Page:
Isn’t Kilgore Worth It?

City Clerk Dane retires, hands reins to successor

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In one of her last, official acts as Kilgore City Clerk, Deborah Dane administered the oath of office to her successor, Rachel Rowe, before city council members Aug. 28.

Dane marked six-and-a-half years in the post, taking on the position 2012. She set to work to become a Texas Registered Municipal Clerk and achieved the designation in 2015.

“It was worth it. I learned a lot and I appreciate it,” Dane told the council, thanking the elected officials for the opportunity to serve. “I also appreciated the congeniality that exists on this council among the members.”

At conferences, other municipal clerks swap stories about dysfunction on the dais and combative councils.

“I’m really happy to say I can never enter those discussions. I have no horror stories to tell.”

Rather, Dane said, she thanks council members for their dedication to their offices and for their focus on fiscal conservatism.

“As any other Kilgore resident, I want to commend you for many, many, many hours of unpaid service,” she said, praising Rowe at the beginning of her service as city clerk: “I am very confident that Rachel brings a remarkable set of skills that will segue beautifully into this role.”

Rowe has been working in public safety about two decades and moves into the new job from the communications supervisor position at Kilgore Police Department.

Officially getting down to business Wednesday, Rowe says she’s still trying to get a handle on the nuances of the job, but she’s looking forward to the new and different challenges that come into the office at Kilgore City Hall.

“I’ve been in public safety for almost 19 years,” she said. “It’s a different kind of work. I’m very excited I’ll still be working with a lot of the same people I’ve already been working with, just in a different capacity.”

Learning the ropes from Dane, Rowe said she’s developed an even deeper understanding of the city’s inner workings.

“I realize just how every department works together to make the city work how it does,” she added. For her part, there’s a litany of new tasks ahead amid council affairs, tracking resolutions and ordinances. “The city clerk is the main record keeper of all the records in the entire city. It’s very important all those documents be precise, posted in a proper manner, stored properly, disseminated properly and destroyed in a timely manner. You work directly under the city manager who obviously is one of the major decision makers in the city and he answers directly to the council.”

As Rowe gets comfortable in the post, Dane says she’s enjoying her newfound free time, entering retirement with good memories from city hall.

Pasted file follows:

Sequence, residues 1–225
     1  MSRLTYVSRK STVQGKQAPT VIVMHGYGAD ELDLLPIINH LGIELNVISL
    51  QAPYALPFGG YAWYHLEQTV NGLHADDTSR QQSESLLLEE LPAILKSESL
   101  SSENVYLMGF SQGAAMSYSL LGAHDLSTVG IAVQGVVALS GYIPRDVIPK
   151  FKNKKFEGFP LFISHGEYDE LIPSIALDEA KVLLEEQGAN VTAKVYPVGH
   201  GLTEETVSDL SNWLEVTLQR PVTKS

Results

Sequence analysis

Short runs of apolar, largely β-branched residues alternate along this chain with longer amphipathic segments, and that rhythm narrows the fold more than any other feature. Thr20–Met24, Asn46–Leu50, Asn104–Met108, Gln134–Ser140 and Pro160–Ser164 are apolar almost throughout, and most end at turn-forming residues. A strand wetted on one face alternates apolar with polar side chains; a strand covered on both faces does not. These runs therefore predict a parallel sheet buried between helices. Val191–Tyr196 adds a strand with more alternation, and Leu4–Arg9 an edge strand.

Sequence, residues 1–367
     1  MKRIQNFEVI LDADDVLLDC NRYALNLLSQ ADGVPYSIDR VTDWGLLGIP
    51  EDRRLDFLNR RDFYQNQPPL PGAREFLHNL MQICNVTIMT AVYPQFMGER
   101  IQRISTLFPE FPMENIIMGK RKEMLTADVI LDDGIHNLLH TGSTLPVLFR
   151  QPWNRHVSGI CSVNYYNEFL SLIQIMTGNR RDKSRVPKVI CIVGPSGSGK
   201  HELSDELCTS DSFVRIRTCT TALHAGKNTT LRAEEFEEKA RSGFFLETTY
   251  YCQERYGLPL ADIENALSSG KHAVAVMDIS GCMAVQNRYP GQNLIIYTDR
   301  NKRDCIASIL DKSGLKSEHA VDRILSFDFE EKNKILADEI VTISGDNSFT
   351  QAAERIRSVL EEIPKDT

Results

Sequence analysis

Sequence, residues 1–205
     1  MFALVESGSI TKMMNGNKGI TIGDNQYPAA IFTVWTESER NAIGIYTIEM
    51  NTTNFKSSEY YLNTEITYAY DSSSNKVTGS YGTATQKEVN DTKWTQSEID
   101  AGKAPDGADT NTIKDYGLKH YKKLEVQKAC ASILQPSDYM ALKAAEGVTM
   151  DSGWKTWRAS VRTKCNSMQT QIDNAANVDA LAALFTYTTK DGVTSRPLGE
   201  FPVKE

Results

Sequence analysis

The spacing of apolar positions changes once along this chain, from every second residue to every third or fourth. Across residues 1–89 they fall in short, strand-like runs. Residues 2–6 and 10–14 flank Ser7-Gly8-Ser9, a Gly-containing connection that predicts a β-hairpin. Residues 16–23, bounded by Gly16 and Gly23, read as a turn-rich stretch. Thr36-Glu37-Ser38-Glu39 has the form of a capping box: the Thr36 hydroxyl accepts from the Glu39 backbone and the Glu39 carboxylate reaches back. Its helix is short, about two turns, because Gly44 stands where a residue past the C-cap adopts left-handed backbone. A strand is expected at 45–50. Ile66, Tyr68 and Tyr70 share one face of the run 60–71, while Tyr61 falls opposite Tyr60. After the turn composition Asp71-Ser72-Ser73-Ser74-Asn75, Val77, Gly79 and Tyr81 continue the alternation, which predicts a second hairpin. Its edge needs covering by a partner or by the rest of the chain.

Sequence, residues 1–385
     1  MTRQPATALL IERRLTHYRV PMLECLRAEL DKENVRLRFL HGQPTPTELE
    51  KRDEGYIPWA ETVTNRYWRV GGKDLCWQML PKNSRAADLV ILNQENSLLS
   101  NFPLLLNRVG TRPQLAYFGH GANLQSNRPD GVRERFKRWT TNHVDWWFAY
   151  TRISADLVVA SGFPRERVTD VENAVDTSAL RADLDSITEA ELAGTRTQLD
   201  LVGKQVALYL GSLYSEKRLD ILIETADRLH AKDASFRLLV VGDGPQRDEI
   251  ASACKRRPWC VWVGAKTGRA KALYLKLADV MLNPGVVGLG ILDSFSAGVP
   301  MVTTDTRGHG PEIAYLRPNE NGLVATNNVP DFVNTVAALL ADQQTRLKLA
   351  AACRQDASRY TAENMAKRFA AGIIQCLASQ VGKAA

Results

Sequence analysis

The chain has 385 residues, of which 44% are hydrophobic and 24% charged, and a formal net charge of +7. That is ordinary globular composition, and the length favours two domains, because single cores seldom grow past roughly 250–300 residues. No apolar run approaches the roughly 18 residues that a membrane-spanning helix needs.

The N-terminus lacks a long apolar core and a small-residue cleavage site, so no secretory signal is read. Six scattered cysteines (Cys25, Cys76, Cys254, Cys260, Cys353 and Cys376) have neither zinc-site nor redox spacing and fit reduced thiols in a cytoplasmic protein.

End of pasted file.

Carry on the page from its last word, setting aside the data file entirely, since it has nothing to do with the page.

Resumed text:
“The most rewarding part of the job to me was helping people in the community,” she said, “either pointing them toward the right department or doing some research for them and finding an answer to their questions.

It was fulfilling, “just feeling I was there as a liaison, or a link, between the city government and the community. Of course the council has been wonderful to work with. I’m lucky.”

Dane is a behind-the-scenes mover-and-shaker, Kilgore City Manager Josh Selleck said Aug. 28.

“She’s an influencer,” he added, and one of her mantras enters many debates at city hall: “Isn’t Kilgore worth it?”

That attitude has permeated city staffers.

“It’s important, and it’s infectious, and it’s meant a lot to me,” Selleck said.

For Mayor Ronnie Spradlin, the six-plus years have sped by, sprinkled with about 120 proclamations carefully crafted by Dane, included honors for local centenarians.

“She’s written all the proclamations that I’ve ever ready,” Spradlin said, wishing Dane could have seen the happy smiles as Kilgore residents heard her proclamations on their 100th birthdays. “All her proclamations are perfect, every T’s crossed and I’s dotted.”

Thanking Dane, Selleck said he’s confident the city has filled the clerk’s post – ever-important in a thriving city government – with top quality following on top quality.

“This matters. It’s a role that as we looked to fill it we took very seriously,” he said. “There aren’t many out there. Until our interview with Rachel, I don’t think we felt anyone had a skill set that was relevant and unique enough for what we needed.”

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